In this video, Andy Desmond (Senior Vice President, Construction Industry Leader, and Head of UK Business Development at Marsh) and Dr Wolfgang Seidl (Partner and Workplace Health Consulting Leader for Mercer in UK and Europe) discuss some of the most pressing mental health issues in construction and explore the unique challenges that the industry faces in precipitating a much-needed cultural shift and protecting its workforce’s well-being. They then suggest possible short- and long-term solutions that employers can implement to better support their employees in trying times.
- Suicide rates within the construction industry appear to be much higher than those of many other industries – why? The industry is historically male dominated, and males in construction are three times more likely than average to commit suicide. Women are often better at spotting early warning signs and seeking help at an earlier stage.
- In Construction News’ Mind Matters 2019 survey, three out of four workers said long hours make the biggest difference to well-being, followed by job uncertainty, tight deadlines, financial pressures, and working away from home.
- Employers can provide better support networks by initiating 24/7 support lines and Employee Assistance Programs as well as being creative in reaching out to staff, such as by stitching helpline numbers into gloves and personal protective equipment so they are readily available.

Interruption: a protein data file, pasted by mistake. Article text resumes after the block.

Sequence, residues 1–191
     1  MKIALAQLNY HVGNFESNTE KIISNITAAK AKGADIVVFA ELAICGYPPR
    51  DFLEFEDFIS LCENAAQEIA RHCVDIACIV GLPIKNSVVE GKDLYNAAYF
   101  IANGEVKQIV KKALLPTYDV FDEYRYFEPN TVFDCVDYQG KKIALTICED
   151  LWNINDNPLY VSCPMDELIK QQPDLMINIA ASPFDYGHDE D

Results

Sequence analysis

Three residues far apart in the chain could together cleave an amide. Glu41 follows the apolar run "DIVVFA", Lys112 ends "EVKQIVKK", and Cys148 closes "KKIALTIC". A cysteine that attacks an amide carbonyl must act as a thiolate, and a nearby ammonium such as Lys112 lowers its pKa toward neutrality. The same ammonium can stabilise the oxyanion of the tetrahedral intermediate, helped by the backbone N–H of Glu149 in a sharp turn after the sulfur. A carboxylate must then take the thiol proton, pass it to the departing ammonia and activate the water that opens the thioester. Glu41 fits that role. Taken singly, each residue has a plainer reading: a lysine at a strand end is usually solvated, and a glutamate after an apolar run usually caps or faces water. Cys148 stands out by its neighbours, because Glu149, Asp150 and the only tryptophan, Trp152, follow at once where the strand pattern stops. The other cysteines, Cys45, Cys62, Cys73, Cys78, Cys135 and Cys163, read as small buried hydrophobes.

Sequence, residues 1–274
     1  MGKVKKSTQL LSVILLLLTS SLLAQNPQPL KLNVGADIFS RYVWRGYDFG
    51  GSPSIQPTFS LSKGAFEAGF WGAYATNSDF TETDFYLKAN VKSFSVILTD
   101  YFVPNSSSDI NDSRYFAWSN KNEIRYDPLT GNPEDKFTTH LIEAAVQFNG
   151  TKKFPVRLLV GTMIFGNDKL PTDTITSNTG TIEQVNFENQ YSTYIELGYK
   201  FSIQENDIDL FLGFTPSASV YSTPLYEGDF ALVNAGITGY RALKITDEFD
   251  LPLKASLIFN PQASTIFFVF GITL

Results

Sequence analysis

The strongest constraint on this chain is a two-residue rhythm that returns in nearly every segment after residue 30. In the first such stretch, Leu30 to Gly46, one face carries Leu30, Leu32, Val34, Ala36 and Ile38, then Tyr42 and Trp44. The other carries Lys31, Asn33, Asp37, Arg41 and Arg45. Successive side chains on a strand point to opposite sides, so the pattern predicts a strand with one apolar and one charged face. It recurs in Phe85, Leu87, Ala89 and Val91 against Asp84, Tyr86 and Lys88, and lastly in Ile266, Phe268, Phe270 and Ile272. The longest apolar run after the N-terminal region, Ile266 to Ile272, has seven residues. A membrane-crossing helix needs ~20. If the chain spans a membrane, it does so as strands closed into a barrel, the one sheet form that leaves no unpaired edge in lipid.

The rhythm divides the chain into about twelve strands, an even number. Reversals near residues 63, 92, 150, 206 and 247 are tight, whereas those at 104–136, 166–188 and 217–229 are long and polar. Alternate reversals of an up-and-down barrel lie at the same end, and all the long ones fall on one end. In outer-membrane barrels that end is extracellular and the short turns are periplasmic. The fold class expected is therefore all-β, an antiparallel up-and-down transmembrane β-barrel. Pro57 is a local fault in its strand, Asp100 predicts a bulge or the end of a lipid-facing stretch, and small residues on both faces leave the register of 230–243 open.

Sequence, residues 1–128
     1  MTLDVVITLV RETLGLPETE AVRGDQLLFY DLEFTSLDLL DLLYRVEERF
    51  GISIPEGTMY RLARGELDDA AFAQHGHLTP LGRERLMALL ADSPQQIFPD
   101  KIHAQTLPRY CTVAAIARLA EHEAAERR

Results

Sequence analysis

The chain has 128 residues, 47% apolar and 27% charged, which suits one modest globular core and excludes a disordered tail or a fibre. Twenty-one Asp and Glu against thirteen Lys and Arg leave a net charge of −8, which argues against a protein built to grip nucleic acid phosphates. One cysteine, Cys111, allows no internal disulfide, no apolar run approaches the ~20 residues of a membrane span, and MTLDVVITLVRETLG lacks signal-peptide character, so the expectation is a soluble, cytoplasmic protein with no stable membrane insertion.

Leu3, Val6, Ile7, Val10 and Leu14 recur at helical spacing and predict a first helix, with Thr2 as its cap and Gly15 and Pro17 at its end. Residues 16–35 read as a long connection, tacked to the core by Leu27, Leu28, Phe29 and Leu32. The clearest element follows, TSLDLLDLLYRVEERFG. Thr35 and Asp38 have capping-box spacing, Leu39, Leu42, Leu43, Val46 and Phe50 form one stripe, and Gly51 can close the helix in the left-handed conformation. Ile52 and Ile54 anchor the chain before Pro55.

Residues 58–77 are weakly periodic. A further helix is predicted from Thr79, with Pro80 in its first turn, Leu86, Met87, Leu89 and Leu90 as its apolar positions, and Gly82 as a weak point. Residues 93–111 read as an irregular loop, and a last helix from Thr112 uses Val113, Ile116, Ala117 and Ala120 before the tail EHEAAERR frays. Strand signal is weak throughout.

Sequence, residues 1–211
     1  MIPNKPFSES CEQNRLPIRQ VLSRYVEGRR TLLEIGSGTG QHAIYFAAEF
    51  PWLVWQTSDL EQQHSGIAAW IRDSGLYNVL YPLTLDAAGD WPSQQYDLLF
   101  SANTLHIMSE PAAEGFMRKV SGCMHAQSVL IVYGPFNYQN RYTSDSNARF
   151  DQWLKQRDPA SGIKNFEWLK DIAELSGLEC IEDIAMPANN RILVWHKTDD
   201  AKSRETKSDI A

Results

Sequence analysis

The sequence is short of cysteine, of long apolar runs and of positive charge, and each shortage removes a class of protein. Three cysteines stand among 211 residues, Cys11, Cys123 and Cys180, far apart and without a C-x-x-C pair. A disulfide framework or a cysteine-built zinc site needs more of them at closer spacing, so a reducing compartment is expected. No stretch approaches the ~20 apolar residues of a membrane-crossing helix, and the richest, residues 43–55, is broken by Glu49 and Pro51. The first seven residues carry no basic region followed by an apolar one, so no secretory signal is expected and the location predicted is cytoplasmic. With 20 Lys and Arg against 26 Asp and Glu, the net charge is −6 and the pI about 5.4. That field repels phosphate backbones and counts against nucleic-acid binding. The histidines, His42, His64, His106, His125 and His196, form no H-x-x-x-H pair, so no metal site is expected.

- It is vital to break down barriers to discussing and seeking help for issues related to mental health and well-being – workers in the construction industry are increasingly reporting work-related stress, depression, and anxiety. This is a global health issue where emotional and physical well-being are interconnected.
- Exercise is especially important in construction: On-site warm-ups can help prevent lifting injuries and moreover support mental well-being. Employers should encourage employees to pick up healthy habits to improve their physical and mental wellness.
- Employers have a duty of care to their employees. They can be held liable for suicides and consequently suffer financial and reputational damage if their actions are found to have compounded workers’ emotional issues. Managers need to be able to identify when an employee needs mental support and point them in the right direction for help.